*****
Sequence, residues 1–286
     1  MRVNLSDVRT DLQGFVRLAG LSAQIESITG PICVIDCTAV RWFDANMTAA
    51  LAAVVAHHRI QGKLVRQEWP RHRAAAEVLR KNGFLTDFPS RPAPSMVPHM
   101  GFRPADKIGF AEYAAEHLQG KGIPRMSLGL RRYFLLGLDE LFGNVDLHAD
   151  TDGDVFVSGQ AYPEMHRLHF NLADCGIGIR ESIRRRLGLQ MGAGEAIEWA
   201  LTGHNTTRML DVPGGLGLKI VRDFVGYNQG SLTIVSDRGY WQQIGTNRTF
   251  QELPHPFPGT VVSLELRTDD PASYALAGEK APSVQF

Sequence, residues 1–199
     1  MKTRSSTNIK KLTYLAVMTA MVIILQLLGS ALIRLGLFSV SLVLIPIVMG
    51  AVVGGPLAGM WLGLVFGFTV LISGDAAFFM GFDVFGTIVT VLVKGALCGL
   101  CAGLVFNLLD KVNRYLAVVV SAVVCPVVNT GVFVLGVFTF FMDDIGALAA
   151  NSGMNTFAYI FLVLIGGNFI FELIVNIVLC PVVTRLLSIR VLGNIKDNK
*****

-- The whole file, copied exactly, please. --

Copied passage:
Sequence, residues 1–286
     1  MRVNLSDVRT DLQGFVRLAG LSAQIESITG PICVIDCTAV RWFDANMTAA
    51  LAAVVAHHRI QGKLVRQEWP RHRAAAEVLR KNGFLTDFPS RPAPSMVPHM
   101  GFRPADKIGF AEYAAEHLQG KGIPRMSLGL RRYFLLGLDE LFGNVDLHAD
   151  TDGDVFVSGQ AYPEMHRLHF NLADCGIGIR ESIRRRLGLQ MGAGEAIEWA
   201  LTGHNTTRML DVPGGLGLKI VRDFVGYNQG SLTIVSDRGY WQQIGTNRTF
   251  QELPHPFPGT VVSLELRTDD PASYALAGEK APSVQF

Sequence, residues 1–199
     1  MKTRSSTNIK KLTYLAVMTA MVIILQLLGS ALIRLGLFSV SLVLIPIVMG
    51  AVVGGPLAGM WLGLVFGFTV LISGDAAFFM GFDVFGTIVT VLVKGALCGL
   101  CAGLVFNLLD KVNRYLAVVV SAVVCPVVNT GVFVLGVFTF FMDDIGALAA
   151  NSGMNTFAYI FLVLIGGNFI FELIVNIVLC PVVTRLLSIR VLGNIKDNK